But I promised myself I'd try to be more positive on this here blog. There's a lot to be happy about right now. I do feel really good. The Brit is thrilled with my already-apparent increase in bra size. We passed our Down's Syndrome, Trisomy 13/18 and genetic testing with flying colors. Our friends and family near and far have been marvelously supportive and excited -- even about our decision to not discover the gender until the kid arrives on the scene. Babysitters are queuing up and two sets of dear folks (one in my hometown; one here) have offered to throw baby showers. I believe three birth betting pools are already in the planning stage. To say we are surrounded by love and good humor is an understatement -- and something I never take for granted.

I've also, through my amazing network of friends, found a few parent-type blogs that actually match my mindset. Small miracles in a sea of treacle and tripe. And viewpoints that both secure and challenge my preconceptions while reassuring me that Becoming Mama does not mean Becoming Mush. At least, not more than temporarily while you adjust to sleep deprivation.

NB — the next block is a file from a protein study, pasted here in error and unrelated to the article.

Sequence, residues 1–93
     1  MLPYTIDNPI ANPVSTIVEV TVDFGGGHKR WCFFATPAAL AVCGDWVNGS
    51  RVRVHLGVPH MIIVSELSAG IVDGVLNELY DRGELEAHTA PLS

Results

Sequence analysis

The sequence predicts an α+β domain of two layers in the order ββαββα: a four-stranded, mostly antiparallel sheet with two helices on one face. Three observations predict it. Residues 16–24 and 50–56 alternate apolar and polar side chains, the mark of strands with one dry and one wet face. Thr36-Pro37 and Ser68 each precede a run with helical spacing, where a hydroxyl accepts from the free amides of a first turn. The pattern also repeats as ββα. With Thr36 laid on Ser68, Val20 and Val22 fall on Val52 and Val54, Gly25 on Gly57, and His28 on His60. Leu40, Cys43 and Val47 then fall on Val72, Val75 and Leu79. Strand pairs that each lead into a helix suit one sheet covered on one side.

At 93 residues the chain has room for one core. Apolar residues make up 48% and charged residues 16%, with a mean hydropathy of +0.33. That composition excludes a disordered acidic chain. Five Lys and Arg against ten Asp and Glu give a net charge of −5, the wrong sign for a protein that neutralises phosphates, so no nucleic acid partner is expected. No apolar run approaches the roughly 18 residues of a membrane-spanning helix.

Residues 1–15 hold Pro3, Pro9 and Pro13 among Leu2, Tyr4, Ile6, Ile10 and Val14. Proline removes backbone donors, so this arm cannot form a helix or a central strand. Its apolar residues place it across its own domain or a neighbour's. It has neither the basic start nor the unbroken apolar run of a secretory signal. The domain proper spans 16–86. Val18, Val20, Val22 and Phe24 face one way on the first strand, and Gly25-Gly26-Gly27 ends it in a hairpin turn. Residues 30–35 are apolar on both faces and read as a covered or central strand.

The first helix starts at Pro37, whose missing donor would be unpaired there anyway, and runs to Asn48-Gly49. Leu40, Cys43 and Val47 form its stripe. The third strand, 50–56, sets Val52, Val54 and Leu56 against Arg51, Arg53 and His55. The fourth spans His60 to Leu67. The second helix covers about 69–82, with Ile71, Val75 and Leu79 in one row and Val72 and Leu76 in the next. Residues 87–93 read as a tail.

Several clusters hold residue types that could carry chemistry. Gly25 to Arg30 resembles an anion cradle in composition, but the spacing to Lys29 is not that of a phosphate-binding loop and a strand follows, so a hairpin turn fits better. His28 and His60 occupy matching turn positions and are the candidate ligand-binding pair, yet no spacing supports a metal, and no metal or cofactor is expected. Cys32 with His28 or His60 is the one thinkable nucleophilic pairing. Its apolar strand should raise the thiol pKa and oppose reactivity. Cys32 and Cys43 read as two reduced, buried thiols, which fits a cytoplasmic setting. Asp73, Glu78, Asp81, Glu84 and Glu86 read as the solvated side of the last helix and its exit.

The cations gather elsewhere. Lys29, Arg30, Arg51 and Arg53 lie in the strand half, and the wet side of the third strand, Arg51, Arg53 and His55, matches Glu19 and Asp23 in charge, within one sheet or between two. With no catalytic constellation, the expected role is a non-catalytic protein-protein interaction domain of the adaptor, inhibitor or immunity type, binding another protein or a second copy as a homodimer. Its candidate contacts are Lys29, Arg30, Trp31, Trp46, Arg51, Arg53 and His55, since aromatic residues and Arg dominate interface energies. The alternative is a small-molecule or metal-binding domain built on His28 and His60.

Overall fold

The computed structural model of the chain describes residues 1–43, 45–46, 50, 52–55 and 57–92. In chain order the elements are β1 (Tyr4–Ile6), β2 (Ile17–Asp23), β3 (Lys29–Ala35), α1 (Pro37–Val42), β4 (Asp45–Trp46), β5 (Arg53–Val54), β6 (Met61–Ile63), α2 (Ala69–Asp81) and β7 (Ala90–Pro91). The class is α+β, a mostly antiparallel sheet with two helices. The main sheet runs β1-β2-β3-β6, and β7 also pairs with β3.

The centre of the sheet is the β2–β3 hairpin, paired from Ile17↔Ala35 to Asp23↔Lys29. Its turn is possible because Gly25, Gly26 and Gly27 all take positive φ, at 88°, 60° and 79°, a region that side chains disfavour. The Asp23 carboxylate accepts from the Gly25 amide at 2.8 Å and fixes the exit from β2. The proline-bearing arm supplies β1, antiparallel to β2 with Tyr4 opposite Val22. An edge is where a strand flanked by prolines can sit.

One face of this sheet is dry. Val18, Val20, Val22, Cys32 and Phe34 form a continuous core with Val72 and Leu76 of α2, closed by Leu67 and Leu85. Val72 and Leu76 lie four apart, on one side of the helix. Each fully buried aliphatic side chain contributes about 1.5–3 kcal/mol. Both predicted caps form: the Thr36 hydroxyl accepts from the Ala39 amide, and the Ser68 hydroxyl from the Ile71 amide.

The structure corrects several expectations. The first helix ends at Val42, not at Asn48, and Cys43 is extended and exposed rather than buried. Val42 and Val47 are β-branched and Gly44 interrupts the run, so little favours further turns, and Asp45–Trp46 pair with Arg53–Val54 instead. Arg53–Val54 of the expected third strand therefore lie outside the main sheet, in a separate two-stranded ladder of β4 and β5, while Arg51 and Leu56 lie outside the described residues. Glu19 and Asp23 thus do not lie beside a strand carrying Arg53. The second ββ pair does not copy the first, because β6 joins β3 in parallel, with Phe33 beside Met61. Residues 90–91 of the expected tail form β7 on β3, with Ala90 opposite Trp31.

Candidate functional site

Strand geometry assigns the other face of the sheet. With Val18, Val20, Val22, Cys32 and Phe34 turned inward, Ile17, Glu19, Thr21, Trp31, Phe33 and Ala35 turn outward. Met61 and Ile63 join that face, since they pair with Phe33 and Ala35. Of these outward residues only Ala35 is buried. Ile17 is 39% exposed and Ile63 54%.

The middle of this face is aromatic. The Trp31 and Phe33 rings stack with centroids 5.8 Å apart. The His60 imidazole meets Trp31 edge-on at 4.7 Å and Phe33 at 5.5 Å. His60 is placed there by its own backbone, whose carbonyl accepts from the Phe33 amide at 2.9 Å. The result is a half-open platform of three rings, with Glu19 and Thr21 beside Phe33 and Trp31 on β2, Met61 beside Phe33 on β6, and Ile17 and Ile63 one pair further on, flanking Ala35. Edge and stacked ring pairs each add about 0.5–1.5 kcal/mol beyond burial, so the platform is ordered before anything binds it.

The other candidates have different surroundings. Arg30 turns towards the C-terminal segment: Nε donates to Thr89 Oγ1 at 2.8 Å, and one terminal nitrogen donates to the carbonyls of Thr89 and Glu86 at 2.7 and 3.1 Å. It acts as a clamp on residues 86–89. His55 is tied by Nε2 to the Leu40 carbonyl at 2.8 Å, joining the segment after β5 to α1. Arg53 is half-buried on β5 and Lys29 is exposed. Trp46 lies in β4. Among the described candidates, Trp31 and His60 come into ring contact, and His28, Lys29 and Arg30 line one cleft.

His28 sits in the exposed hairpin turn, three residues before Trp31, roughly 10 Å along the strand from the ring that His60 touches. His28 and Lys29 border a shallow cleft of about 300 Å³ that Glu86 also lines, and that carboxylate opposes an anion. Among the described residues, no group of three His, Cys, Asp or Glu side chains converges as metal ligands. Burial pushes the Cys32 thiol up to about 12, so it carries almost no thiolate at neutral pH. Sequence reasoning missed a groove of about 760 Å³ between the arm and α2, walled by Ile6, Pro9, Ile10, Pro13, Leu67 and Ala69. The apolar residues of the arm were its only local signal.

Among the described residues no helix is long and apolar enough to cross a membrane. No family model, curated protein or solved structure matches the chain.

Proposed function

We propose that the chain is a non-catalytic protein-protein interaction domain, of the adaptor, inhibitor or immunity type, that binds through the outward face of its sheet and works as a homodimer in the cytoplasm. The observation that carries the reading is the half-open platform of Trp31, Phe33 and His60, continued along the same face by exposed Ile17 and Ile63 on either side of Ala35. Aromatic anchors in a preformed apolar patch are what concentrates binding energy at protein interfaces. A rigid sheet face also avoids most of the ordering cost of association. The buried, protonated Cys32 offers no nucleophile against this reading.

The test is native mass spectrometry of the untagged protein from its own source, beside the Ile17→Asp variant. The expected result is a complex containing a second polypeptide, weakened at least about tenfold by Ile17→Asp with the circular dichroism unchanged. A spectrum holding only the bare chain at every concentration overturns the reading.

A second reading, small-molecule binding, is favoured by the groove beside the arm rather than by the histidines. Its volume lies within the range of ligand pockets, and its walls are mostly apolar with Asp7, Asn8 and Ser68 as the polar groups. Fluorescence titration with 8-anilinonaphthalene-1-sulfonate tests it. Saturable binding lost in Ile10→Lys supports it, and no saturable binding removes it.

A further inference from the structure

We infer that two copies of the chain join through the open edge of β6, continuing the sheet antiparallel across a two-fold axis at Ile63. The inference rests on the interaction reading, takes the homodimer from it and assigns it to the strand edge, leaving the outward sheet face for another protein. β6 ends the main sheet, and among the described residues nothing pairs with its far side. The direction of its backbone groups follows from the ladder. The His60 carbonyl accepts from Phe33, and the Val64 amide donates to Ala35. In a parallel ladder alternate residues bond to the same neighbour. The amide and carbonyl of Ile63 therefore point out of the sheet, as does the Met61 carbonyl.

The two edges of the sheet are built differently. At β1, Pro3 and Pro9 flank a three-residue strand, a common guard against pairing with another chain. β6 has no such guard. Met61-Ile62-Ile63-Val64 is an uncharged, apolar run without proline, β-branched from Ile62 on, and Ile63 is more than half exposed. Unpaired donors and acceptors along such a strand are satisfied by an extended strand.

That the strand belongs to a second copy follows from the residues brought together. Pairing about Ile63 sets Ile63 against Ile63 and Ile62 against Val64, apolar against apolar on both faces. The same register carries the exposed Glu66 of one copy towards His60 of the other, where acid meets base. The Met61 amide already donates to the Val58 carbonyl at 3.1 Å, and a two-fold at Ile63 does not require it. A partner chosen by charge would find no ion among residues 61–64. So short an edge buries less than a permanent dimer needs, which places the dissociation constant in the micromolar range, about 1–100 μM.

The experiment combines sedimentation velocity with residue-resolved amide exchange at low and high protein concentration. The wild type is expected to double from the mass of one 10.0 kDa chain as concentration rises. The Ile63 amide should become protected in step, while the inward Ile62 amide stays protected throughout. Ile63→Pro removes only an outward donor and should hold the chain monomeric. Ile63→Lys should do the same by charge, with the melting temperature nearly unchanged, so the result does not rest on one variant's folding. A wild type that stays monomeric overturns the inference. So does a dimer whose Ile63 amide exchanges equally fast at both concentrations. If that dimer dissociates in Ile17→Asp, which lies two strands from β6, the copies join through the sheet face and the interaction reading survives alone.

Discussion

So, in short, I'm feeling extremely blessed as 2011 comes to a close and second trimester takes off with the new year. June is a long way away, but to finally say "five months" instead of "eight or nine" makes the slowly creeping weeks suddenly add up to much more than I think.

Thursday, November 10, 2011

Week 10: Home Sweet Home

I'm fairly relieved to report that the last week has been fairly normal and without major incident. Still spotting a bit every day (and I wish I wouldn't), but I've come to expect that this is my status quo. A week from today, I'll go in for my next appointment with Donna the Midwife, full of various questions about why and how. I'm not expecting many answers, but hopefully the exam and ultrasound will show that our Kumquat (another upgrade -- and none too soon; we couldn't really relate to "grape") is cruising along as expected.